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  • Steve Nguyen, PhD

How Steve Jobs Reframed The Competition To Rally The Troops

Updated: Aug 24, 2022

Photo: Screenshots of Apple 1984 Super Bowl TV Commercial

I have been in companies that operated with an extremely competitive culture and mindset and worked alongside people who were hypercompetitive. In one instance, it became so competitive that a company was forced to cancel a fundraising event because employees had taken things too far the prior year.

One of the techniques I’ve discovered to redirect and channel hypercompetitive employees’ energy is to get them to work TOGETHER by reframing internal competition from competing AGAINST one another in the SAME COMPANY to competing AGAINST a DIFFERENT COMPANY.

I help these internal stakeholders reframe a corporate initiative (which often requires multiple internal stakeholders) from an “us vs. them” (because functions within the same company often compete against one another and EVERYONE loses) to an “us vs. another company.”

I reframe the challenge and help them see that it’s NOT ABOUT COMPETING against one another (because we’re on the SAME team, i.e., work for the same company), but rather that it’s about COLLABORATING to help the entire company WIN against the COMPETITION.

This is not a new/original idea and I certainly didn’t invent this concept. In fact, Steve Jobs did the same thing when he rallied his Apple employees to compete against IBM back in the early 1980’s.

The late Steve Jobs (co-founder and CEO of Apple) was a master at reframing competition. In a classic story and perhaps one of the most famous Super Bowl TV commercials of all time (Watkins, 2022) and arguably one of the best TV commercials ever made (Ad Age), the ad “featured a rebellious young woman outrunning the Orwellian thought police and throwing a sledgehammer into a screen showing a mind-controlling speech by Big Brother” (Isaacson, 2011, p. 162).

“The [TV] ad cast Macintosh as a warrior for the latter cause—a cool, rebellious, and heroic company that was the only thing standing in the way of the big evil corporation’s plan for world domination and total mind control” (Isaacson, 2011, p. 162).

Jobs had framed Apple’s fight against IBM (which was dominating the PC market at the time) as an epic battle pitting a lone crusader (Apple) against a large, evil Orwellian empire (IBM). He rallied demoralized Apple employees to work together as one company to help Apple and its Macintosh computers save humanity from mindless obedience and conformity (IBM/Big Brother).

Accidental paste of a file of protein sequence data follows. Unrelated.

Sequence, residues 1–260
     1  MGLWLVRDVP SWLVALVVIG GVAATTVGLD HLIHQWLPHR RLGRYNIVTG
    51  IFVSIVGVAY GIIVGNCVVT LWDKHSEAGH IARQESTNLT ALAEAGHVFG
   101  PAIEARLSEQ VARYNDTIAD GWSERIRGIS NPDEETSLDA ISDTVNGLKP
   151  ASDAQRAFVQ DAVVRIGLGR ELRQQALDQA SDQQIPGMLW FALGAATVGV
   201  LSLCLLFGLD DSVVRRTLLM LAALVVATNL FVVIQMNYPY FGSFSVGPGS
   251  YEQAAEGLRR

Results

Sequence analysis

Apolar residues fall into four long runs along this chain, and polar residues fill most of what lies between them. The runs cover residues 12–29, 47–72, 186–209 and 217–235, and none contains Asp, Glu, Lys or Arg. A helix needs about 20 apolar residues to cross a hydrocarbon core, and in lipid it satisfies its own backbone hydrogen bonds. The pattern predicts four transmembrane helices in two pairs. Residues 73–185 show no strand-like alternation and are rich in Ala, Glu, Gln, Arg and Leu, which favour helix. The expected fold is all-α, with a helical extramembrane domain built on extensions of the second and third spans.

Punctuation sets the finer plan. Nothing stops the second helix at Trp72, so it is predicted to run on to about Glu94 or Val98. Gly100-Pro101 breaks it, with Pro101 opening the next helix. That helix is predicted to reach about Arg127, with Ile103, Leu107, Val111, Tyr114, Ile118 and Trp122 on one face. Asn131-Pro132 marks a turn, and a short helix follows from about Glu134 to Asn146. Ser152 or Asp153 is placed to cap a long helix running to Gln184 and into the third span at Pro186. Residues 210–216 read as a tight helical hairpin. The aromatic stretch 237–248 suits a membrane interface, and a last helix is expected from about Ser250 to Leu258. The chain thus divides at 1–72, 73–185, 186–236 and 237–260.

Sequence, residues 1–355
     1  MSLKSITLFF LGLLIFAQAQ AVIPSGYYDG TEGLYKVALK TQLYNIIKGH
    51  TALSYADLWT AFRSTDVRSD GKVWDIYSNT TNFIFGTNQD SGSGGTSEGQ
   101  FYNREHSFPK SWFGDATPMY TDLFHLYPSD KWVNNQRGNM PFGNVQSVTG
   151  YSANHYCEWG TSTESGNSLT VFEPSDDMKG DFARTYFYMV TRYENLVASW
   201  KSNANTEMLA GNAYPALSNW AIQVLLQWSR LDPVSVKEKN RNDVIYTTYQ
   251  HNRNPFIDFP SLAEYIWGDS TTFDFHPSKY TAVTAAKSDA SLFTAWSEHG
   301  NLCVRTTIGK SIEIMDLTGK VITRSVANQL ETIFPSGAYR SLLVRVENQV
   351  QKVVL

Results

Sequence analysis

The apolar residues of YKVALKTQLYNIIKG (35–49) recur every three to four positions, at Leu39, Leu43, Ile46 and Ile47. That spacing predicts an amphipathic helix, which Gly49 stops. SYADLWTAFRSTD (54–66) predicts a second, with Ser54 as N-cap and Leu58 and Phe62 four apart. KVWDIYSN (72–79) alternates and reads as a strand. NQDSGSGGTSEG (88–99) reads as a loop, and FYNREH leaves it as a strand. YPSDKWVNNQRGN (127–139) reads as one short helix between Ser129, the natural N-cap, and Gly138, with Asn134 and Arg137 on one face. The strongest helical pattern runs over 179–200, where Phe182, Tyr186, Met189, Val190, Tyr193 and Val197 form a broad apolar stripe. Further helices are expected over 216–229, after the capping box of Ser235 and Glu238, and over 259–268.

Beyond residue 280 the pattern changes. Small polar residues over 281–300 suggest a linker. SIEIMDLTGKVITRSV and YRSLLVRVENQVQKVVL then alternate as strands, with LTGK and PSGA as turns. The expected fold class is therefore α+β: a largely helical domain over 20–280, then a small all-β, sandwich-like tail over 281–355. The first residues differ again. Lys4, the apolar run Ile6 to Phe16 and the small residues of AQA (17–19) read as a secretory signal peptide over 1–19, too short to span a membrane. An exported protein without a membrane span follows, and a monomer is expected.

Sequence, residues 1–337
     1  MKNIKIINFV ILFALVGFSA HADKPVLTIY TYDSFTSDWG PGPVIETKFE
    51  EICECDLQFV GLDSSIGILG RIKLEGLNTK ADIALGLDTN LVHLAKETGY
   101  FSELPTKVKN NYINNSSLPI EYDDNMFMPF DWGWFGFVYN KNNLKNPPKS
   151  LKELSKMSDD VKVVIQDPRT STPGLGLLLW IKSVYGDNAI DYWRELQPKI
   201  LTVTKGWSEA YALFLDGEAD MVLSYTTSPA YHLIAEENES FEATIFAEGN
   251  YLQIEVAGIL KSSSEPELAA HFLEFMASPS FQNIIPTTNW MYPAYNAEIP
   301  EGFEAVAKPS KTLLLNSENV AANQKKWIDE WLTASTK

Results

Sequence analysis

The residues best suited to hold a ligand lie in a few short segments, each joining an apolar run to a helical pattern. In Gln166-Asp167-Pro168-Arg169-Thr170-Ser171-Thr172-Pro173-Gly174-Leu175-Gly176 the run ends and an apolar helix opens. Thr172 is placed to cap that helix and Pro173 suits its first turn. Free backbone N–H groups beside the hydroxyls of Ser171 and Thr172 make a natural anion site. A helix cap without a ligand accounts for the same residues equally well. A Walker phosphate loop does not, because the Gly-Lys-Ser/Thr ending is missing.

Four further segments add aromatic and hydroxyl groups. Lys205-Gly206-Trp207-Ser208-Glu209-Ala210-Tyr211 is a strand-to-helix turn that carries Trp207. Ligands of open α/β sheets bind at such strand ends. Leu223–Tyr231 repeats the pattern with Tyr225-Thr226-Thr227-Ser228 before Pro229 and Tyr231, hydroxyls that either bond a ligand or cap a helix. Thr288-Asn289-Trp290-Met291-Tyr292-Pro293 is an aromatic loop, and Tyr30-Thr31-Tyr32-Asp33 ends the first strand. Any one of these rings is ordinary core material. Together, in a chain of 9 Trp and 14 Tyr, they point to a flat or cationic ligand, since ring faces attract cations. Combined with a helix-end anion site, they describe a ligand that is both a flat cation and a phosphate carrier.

At the October 1983 Apple sales conference in Hawaii, Jobs (introducing the about-to-be-released [on January 22, 1984] TV commercial) said:

“It is now 1984. It appears IBM wants it all. Apple is perceived to be the only hope to offer IBM a run for its money. Dealers, initially welcoming IBM with open arms, now fear an IBM-dominated and-controlled future. They are increasingly and desperately turning back to Apple as the only force that can ensure their future freedom. IBM wants it all and is aiming its guns on its last obstacle to industry control, Apple. Will Big Blue dominate the entire computer industry? The entire information age? Was George Orwell right about 1984?”

According to his biographer, Walter Isaacson (2011, p. 161): “Jobs had always been able to draw energy by imagining himself as a rebel pitted against the forces of darkness. Now he was able to energize his troops with the same vision.”

Written By: Steve Nguyen, Ph.D. Organizational & Leadership Development Leader


Apple 1984 Super Bowl Commercial Introducing Macintosh Computer.

Diaz, A-C. (1984, January 22). Apple – 1984.

History. (2020, January 21). Apple’s iconic “1984” commercial airs during Super Bowl XVIII.

Isaacson, W. (2011). Steve Jobs. Simon & Schuster.

Johnson, S. (2017, February 2). What you didn’t know about Apple’s ‘1984’ Super Bowl ad.

Watkins, G. (2022, February 22). We’re in It for the Ads! These Are the 50 Best Super Bowl Commercials of All Time.



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